The final parallel is where the violent imposition of reactionary (Knox/Qutb), fundamentalist (Calvin/Mawdudi), and revivalist (Luther/al Afghani) religion comes into play. For Protestantism this would be the Puritan movement, whose most famous leader was Oliver Cromwell. It was Cromwell and his followers who overthrew the English Monarchy and established the Puritan Interregnum, which forcibly imposed their understanding of how Christianity, and its fundamental beliefs and tenets, should be practiced and lived. This period, like that of Knox and his followers, and to some extent all of the Protestant developmental periods was violent, but the Puritans took it to a new level. The English tolerated it up until the Puritans outlawed Christmas, at which point the English threw them out, reestablished the monarchy, and after a short period of time hiding out in, among other places, Holland, the Puritans came to America and founded their colonies. There they sought religious freedom for themselves and gained a historical PR makeover into the Pilgrims. It should not be forgotten that the famous Jeffersonian phrase “a high wall of separation between Church and State” appears in Jefferson’s response to the Danbury Baptists who had written to him appealing for help against the Puritans who would corporally punish them for trying to practice the rite of baptism. The Islamic parallel to the Cromwell and his compatriots are Zawahiri and bin Laden (which is where the Wahabiyya comes into play outside of Saudi Arabia) and their followers in Jemiyah al Islamiyah and al Qaeda and other similar thinkers and groups. These much more recent Muslim movements don’t just want to revitalize and reform and get back to basics, rather they seek to violently impose the reformation on Islam and Muslims. By doing so they can forcibly return Islam to the Straight Path and reestablish life as they believe it to be at the time of the Prophet Muhammed and his companions.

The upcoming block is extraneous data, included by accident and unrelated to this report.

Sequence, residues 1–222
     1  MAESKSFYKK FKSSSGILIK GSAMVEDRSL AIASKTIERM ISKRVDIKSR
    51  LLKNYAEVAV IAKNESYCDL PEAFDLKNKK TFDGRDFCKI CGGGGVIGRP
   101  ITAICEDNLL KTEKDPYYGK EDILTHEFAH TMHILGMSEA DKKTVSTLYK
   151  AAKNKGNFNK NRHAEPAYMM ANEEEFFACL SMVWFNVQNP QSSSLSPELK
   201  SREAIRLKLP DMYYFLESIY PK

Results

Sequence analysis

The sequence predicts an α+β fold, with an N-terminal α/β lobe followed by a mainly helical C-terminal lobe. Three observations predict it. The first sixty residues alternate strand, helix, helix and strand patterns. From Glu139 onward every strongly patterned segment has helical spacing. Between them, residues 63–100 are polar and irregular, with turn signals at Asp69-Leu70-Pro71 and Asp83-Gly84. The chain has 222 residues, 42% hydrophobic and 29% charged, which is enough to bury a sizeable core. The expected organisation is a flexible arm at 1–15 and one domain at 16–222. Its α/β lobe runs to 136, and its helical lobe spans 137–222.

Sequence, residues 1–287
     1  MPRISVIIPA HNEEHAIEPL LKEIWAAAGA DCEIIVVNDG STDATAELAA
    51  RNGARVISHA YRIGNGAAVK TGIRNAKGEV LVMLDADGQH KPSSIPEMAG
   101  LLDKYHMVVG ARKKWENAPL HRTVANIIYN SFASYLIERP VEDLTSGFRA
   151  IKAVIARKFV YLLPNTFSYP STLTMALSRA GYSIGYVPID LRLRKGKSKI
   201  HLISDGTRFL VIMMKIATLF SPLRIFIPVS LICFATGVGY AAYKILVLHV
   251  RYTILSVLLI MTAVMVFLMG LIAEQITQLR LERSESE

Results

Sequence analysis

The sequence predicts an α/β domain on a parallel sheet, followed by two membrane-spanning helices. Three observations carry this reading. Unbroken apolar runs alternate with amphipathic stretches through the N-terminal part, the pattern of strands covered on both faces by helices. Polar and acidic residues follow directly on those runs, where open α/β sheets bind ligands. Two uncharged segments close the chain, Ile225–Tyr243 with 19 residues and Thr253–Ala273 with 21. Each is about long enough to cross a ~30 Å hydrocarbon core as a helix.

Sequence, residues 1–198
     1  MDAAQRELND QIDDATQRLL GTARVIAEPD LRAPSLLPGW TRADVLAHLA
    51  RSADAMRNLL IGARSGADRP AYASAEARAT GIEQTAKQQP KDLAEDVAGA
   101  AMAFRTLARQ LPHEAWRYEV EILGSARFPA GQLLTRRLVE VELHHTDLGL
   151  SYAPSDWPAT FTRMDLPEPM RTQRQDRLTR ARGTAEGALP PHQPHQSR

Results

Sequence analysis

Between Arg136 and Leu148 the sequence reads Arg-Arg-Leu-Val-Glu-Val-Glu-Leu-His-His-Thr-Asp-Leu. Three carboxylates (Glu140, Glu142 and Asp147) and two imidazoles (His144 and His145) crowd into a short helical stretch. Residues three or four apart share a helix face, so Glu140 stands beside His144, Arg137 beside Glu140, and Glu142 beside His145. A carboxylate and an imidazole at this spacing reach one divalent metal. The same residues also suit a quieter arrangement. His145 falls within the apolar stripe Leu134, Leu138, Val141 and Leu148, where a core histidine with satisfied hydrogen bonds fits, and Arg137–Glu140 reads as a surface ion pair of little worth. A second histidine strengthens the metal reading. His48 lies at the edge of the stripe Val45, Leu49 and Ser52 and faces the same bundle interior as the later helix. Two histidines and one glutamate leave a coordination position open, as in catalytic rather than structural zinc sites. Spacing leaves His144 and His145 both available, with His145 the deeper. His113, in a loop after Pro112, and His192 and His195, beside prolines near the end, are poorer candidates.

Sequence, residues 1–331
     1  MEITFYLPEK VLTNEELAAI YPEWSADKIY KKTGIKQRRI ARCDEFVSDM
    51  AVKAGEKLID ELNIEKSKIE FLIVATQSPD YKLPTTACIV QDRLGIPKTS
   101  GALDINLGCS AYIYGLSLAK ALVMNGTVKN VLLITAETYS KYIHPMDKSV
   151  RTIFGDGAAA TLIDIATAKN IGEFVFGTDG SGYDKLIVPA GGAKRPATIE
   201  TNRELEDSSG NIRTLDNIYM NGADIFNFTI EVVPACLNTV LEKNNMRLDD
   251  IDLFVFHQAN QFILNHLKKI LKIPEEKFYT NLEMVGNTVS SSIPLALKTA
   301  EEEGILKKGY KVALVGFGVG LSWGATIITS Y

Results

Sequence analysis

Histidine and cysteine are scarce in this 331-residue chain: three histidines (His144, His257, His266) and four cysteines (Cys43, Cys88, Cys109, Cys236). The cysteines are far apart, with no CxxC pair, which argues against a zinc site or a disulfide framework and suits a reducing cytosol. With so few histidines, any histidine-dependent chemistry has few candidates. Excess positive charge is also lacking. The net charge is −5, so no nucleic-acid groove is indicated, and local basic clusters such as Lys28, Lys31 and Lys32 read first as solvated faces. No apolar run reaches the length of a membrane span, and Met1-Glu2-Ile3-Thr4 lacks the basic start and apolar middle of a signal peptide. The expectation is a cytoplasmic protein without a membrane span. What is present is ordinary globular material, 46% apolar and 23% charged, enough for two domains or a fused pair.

While these comparisons aren’t perfectly analogous, and this is certainly not the only way to view the developments and actions of reactionary, violent, extremist Islamic movements, it does beg the analytical question of whether or not reformation is simply something monotheistic religions have to go through. While we only really have three examples to work with, Judaism, Christianity, and Islam, and Judaism’s development was stunted as it was always a religion of a minority until the establishment of the State of Israel, we are left with just two cases. And while it is possible to do comparison with such a limited sample, we have to be cautious about the conclusions we draw. I’m neither Protestant nor Muslim, and as someone who has studied religion as a form of identity and social group from outside both traditions, I see these parallels, but if they were given proper scrutiny the appearance of developmental similarities might vanish.
 Adam L. Silverman is the Culture an Foreign Language Advisor at the US Army War College. The views expressed here are his alone and do not necessarily represent those of the US Army War College or the US Army.
 We often forget, in the way that we deal with history in the US, just how violent both the Reformation, the Counter-Reformation, and the subsequent evolution of Protestantism was. Both on the Continent and once it reached the Americas. Toqueville has a huge section devoted to observations of Puritan New England and the imposition of religion through sanctioned violence. Moreover, one only need read the history of the Burned Over District of the early 19th Century to see more evidence. And in many ways some of the extremism we witness today is the result of the same reactionary fundamentalist tendencies.